Verb Tenses. EG1471 AY 2008/09/10 JChan Forms of Verb Tenses Simple present Present progressive Simple past Past progressive Present perfect Present perfect.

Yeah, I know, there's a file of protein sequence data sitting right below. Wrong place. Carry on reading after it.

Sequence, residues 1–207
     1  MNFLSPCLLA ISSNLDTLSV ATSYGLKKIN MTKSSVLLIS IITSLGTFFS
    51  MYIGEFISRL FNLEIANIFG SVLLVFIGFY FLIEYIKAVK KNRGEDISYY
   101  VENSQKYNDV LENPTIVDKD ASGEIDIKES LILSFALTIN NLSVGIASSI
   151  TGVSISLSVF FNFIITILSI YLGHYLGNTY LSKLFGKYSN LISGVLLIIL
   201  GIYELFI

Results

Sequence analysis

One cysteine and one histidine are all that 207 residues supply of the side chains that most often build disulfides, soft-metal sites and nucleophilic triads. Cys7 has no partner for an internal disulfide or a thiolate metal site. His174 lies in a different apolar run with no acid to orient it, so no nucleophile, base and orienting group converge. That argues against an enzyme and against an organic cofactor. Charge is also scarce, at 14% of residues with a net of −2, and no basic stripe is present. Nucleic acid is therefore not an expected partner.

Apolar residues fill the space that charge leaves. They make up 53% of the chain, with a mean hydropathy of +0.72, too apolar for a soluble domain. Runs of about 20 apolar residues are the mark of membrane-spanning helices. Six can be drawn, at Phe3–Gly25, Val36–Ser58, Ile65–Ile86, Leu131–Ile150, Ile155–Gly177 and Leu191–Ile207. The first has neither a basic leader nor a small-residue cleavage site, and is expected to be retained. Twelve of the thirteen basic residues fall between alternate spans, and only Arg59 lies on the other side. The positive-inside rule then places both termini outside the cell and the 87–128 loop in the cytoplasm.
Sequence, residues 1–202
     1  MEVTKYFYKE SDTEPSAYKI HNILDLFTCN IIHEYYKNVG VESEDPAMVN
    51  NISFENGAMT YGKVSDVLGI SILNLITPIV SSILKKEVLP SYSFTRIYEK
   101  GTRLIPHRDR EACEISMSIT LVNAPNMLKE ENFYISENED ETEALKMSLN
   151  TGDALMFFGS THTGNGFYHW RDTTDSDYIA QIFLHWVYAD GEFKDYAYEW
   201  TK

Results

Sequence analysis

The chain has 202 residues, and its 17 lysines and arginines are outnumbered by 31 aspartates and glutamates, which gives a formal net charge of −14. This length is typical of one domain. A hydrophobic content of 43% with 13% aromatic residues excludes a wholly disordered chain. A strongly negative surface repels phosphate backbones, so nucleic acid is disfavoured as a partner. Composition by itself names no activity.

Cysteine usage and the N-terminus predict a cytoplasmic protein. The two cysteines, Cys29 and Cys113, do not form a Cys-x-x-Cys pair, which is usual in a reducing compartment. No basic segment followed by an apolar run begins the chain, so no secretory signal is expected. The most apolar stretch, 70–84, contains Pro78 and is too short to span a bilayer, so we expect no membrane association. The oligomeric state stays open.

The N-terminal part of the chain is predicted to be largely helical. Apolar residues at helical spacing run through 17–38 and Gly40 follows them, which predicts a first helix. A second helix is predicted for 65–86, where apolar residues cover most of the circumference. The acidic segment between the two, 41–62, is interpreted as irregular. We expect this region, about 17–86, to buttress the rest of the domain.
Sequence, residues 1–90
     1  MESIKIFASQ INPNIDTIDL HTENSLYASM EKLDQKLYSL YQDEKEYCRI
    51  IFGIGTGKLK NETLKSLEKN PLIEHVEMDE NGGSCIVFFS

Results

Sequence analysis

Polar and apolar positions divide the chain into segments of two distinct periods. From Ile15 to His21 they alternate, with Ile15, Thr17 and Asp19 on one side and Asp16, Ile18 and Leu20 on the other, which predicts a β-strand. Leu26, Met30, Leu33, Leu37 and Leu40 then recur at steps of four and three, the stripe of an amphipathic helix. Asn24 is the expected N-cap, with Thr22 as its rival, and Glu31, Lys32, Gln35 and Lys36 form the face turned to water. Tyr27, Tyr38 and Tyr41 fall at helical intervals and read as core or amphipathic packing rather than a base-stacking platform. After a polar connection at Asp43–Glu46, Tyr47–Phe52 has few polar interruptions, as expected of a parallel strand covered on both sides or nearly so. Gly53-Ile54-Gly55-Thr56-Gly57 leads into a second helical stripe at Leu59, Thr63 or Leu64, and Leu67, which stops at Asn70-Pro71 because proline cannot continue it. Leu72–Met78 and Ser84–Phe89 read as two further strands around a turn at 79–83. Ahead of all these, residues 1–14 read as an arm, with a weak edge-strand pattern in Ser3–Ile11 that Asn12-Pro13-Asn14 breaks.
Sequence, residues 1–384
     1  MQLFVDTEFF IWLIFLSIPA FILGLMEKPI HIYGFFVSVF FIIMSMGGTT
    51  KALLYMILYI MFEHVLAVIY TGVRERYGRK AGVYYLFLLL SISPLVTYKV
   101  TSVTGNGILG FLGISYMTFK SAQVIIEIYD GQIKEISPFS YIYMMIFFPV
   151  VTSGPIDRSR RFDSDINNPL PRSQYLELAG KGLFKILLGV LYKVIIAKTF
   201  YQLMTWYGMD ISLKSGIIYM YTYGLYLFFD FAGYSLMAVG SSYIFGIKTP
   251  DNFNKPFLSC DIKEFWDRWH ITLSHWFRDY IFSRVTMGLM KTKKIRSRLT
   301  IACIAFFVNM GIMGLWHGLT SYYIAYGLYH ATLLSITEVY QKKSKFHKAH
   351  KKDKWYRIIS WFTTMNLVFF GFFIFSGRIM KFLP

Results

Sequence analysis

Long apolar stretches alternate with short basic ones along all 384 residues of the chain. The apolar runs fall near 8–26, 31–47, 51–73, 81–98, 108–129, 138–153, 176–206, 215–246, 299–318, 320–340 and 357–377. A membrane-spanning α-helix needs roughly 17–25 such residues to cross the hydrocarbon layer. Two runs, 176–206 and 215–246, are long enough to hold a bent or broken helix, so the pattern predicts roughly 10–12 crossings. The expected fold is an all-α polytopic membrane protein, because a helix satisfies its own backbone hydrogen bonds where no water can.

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<ul><li><p>Verb Tenses</p></li><li><p> EG1471 AY 2008/09/10 JChan Forms of Verb TensesSimple presentPresent progressiveSimple pastPast progressivePresent perfectPresent perfect progressivePast perfectPast perfect progressiveFutureFuture progressiveFuture perfectFuture perfect progressive</p></li><li><p> EG1471 AY 2008/09/10 JChan Uses of Verb TensesUse tense shifts or time signals to indicate the tenseUse the correct tense according to the contextUse different verb tenses for different meanings but be consistent </p></li><li><p> EG1471 AY 2008/09/10 JChan Simple Present now</p><p>UseExamplesTo express habitual actions or a condition that is true at any time</p><p>To express general truths</p><p>Everyone reports early for work.The campus is quiet during the vacation.</p><p>The sun sets in the west.</p></li><li><p> EG1471 AY 2008/09/10 JChan Simple Present nowFormation1. Base form of the verb. 2. Add -s or -es for third person singular.</p><p>UseExamplesTo report what is in print e.g. academic writing. </p><p> In her article, Vicky claims that renewable energies are viable alternatives in the long run.</p></li><li><p> EG1471 AY 2008/09/10 JChan Present Progressive</p><p>UseExamplesTo express that an action or activity that is currently happening or is still happening.</p><p>To express that an action is happening at present and is temporary.</p><p>To express that an action is already in progress at a specified point of time in the present. The student is preparing for her final year project.</p><p>The trainees are undergoing training now.</p><p>At 8:30am, most of the employees are working at their desktops.</p></li><li><p> EG1471 AY 2008/09/10 JChan Present ProgressiveFormationam/ is/ are + present participle (-ing). I am writing an academic essay for this module.They are doing some research on nanotechnology.He is preparing the lab set up for the next class.</p></li><li><p> EG1471 AY 2008/09/10 JChanSimple Past Formation:Regular verbs: base form + d/-ednow</p><p>UseExamplesTo indicate that an action took place at a specific time in the past.</p><p>To indicate that an action occurred in the past and is no longer true in the presentThe students did this project last semester.</p><p>He majored in engineering in NUS.</p></li><li><p> EG1471 AY 2008/09/10 JChan Past ProgressivenowFormationwas/ were + present participle (-ing) </p><p>UseExamplesTo express that an activity was in progress at a specific point in time in the past.</p><p>To show that an activity lasted for a period of time in the past (emphasis on the duration).The professor was lecturing when the alarm went off.</p><p>The auditors were checking the accounts while the assets were being tagged.</p></li><li><p> EG1471 AY 2008/09/10 JChan Present Perfectnow</p><p>UseExamplesTo express an action or state that began in the past and continues to the present.</p><p>To show that an event occurred in the past although the exact time is not specified or important.The twins have worked in the same company for four years now.</p><p>They have already completed their calculation.</p></li><li><p> EG1471 AY 2008/09/10 JChan Present PerfectnowFormation:has/ have + past participle </p><p>UseExamplesTo express an action or state has happened in the very recent past.</p><p>To indicate that an event has occurred more than once in the past (specific times are not given or important).The mathematician has just proven a complicated theory.</p><p>The students have approached their tutor several times for assistance.</p></li><li><p> EG1471 AY 2008/09/10 JChan Past PerfectnowFormation:had + past participle </p><p>UseExamplesTo indicate an event that was completed by a definite time or before another action was completed in the past.By the time the rescue team arrived at the scene, the waters had reached 1.5 metres.</p><p>Nobody had dreamt that cloning was possible in the 1900s.</p></li><li><p> EG1471 AY 2008/09/10 JChan Past Perfect ProgressivenowFormation:had + been + present participle (-ing)</p><p>UseExamplesTo stress the duration of an activity that was completed before another action or time in the past.The students had been struggling with the problem for an hour before they found a solution.</p></li><li><p> EG1471 AY 2008/09/10 JChan FuturenowFormation:will + base form (no -s or -es)</p><p>Note: Future time can also be expressed in am/is/are + going to + base form simple progressive or present progressive See Lane and Lange (1999) p. 14 for examples.</p><p>UseExamplesTo express an action, event or state that will occur in the future.They will complete their assignment tonight.</p></li><li><p> EG1471 AY 2008/09/10 JChan Future ProgressivenowFormation:will + be + present participle</p><p>UseExamplesTo express an action that will occur over a duration at some specific point in the future.</p><p>To emphasize the duration of an action in the future.The final year students will be doing their internship overseas for the month of December.</p><p>The professor will be going on sabbatical during the long vacation.</p></li><li><p> EG1471 AY 2008/09/10 JChan Future PerfectnowFormation:will + have + past participle</p><p>UseExamplesTo indicate that an activity will be completed before another event or time in the future.The postgraduate students will have finished their thesis by the end of this semester.</p><p>The experts will have discovered the cause of the explosion in a weeks time.</p></li><li><p> EG1471 AY 2008/09/10 JChan Future Perfect ProgressivenowFormation:will + have + present participle</p><p>UseExamplesTo indicate that an activity has been in progress for a period of time before another event or time in the future.By March next year, the engineers will have been working on the project for three years.</p></li><li><p> EG1471 AY 2008/09/10 JChan SourcesLane, A. and Lange, E. (1999). Writing Clearly: An Editing Guide (2nd ed.). USA: Heinle and Heinle Publishers. Oshima, A. and Hogue, A. (2006). Writing Academic English (4th ed.). New York: Pearson Education, 3-25.Raimes, A. (2006). Grammar Troublespots: A Guide for Student Writers (3rd ed.). New York: Cambridge University Press, 41-45.</p></li></ul>